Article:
Summaries of the average percentage of TICs in each of the polar metabolite families for each site, and separately for the source and downgradient areas at each site, are shown in Table 5. For this study, average percentage calculations are always based on the percentage for each individual well at each site, and not on the total number of TICs for the site as a whole, so that results for the downgradient samples (with fewer TICs) are weighted equally with source-area samples. The average TPHd concentration without and with SGC for each area at each site is also shown in Table 5 to provide context regarding the “bulk” concentration of polar compounds in each area.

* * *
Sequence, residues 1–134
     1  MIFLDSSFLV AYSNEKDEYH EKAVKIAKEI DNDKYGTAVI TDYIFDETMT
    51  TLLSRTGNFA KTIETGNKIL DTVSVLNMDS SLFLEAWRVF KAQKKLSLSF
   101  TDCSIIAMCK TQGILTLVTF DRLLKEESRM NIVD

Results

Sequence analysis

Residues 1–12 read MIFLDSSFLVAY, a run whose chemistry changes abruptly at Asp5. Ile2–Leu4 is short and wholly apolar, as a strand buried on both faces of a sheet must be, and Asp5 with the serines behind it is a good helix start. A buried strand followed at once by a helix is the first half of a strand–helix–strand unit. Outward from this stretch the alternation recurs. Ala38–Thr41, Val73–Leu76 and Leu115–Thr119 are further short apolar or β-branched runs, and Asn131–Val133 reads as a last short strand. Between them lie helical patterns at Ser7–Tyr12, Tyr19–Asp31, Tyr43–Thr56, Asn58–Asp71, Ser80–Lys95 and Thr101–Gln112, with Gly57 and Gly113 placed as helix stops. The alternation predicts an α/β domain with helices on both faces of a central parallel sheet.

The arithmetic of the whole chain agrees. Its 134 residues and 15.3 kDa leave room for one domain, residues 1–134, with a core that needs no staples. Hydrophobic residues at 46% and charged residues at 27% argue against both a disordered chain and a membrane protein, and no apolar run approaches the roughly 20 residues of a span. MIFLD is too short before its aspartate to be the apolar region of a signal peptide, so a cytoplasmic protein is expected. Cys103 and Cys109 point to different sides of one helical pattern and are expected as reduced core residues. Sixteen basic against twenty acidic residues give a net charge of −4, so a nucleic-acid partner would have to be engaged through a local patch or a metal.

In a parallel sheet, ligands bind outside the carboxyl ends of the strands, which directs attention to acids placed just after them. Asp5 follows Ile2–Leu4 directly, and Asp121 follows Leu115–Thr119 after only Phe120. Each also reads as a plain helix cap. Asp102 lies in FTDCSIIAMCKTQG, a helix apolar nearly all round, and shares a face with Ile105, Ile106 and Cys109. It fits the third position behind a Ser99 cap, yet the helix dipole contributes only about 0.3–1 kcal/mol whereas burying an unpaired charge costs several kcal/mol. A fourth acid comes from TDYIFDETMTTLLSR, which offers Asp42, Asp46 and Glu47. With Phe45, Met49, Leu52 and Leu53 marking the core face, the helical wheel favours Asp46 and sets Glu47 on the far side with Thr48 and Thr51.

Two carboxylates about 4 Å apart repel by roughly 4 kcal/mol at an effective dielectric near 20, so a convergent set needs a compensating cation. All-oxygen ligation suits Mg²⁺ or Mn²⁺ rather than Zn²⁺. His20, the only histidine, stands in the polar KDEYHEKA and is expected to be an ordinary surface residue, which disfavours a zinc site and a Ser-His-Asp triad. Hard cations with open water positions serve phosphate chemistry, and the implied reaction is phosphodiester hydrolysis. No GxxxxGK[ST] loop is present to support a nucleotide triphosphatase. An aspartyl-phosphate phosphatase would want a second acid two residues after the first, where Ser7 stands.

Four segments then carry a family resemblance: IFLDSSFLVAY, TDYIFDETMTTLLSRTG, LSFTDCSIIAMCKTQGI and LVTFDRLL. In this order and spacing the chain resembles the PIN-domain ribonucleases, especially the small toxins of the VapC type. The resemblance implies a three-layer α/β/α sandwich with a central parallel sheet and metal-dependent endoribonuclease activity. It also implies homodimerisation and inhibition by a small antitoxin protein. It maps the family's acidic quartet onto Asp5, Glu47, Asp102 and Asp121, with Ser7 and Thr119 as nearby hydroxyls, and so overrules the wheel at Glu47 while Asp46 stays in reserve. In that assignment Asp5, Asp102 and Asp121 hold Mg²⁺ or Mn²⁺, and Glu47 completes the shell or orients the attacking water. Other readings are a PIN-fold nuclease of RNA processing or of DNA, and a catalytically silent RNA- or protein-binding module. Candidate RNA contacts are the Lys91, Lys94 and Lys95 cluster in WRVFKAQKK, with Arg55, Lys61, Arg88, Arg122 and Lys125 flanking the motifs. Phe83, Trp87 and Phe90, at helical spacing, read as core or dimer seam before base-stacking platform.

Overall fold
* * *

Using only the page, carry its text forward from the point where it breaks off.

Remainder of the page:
The site-wide results for all five sites were similar and indicate that an average of 46% of the polar metabolite TICs were acids/esters, 25% were alcohols, 2% were phenols, 22% were ketones, and 4% were aldehydes (Table 5, Figure 2). All five sites also showed that there is a marked difference in the distribution of the identified polar metabolite families between source-area and downgradient samples at each site. In source-area samples, the acids/esters (average of 30% of the polar metabolite TICs), alcohols (28%), and ketones (33%) are approximately equally distributed, with far fewer phenols (3%, including alkyl phenols) or aldehydes (6%). In downgradient samples, the acids/esters dominate (average of 68% of the polar metabolite TICs), with fewer alcohols (21%), and far fewer ketones (8%), phenols (2%, all as phenol and no alkyl phenols), and aldehydes (1%). Although the GC × GC results are not quantitative, the relative response factors show that it is reasonable to compare trends for each family and class within samples in the C8 to C12 carbon range.